The Consumer Goods Forum, a group of consumer goods makers and retailers including Kellog Co, Wal-Mart Stores Inc., Nestle SA, and Unilever PLC, have made plans to re-vamp the food date label system to help reduce food waste around the world by 2020.
The plan includes putting standardized labeling in place that would use one expiration date for perishable items and one food quality indicator for non-perishable items. The particular wording of the labels would be determined by the region of which the product is in.
Confusion over date labels has been a major issue in dealing with food waste. According to a recent survey from the Grocery Manufacturers Association (GMA), nearly 60% of U.S. adults have discussed the meaning of date labels and 40% have had disagreements at home whether or not to throw away food produce because of date labels.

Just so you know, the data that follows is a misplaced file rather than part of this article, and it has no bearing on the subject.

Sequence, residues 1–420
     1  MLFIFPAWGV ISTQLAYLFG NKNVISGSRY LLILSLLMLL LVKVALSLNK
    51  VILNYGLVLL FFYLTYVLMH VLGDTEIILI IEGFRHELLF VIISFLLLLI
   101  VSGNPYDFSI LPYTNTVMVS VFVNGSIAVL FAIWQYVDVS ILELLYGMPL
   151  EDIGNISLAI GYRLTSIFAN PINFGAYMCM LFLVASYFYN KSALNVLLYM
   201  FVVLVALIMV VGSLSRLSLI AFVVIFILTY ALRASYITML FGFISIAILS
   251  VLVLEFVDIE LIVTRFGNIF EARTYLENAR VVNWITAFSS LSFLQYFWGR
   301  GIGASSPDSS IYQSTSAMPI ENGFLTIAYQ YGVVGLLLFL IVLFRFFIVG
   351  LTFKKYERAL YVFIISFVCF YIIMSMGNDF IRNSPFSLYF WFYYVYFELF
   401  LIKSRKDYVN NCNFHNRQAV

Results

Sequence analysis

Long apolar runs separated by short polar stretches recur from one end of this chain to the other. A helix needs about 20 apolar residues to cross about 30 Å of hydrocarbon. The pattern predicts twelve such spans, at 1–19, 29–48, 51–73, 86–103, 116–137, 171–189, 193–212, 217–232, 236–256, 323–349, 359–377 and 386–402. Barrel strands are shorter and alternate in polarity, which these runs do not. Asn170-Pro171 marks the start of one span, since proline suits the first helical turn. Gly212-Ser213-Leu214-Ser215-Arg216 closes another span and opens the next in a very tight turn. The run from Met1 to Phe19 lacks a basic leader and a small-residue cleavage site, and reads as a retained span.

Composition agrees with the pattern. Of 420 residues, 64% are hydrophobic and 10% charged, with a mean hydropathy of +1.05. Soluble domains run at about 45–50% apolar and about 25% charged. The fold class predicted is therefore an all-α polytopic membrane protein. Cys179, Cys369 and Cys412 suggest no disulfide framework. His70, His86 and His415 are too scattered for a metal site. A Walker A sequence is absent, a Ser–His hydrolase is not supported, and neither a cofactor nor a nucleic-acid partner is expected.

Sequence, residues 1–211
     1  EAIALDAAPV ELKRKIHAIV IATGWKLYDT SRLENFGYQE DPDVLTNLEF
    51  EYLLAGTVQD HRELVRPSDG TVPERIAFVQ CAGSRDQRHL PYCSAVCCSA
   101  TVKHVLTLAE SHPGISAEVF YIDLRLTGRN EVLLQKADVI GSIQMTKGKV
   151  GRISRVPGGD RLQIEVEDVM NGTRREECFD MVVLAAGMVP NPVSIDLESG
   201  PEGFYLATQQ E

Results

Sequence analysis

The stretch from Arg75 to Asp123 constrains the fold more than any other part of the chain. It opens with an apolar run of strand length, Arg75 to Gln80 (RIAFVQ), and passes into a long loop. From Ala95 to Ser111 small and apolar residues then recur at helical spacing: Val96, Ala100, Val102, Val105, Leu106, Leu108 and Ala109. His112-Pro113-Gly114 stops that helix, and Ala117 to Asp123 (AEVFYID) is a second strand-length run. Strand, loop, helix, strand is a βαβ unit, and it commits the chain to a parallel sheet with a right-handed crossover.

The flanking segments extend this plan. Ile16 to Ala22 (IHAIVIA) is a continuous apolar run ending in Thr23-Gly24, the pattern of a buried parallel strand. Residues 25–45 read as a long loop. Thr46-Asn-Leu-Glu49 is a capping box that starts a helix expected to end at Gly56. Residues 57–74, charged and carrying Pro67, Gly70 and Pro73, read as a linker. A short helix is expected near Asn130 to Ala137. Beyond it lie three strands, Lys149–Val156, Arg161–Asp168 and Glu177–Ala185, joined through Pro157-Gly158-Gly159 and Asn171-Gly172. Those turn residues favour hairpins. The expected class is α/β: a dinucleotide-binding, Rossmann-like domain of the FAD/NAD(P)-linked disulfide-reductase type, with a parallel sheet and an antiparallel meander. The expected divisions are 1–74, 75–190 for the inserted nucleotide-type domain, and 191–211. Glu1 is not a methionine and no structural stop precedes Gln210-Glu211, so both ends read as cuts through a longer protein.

The Consumer Goods Forum also states that confusion over date labels on food products costs families up to $29 billion annually in the United States alone.
Any form of reduction from the consumer or manufacturer level will be helpful in curbing the 1 billion metric tons of food that go to waste annually. Reducing food waste is essential in increasing space in landfills and lowering greenhouse gas emissions.
This, and similar, calls to action will prove to be important in the overall fight against global climate change.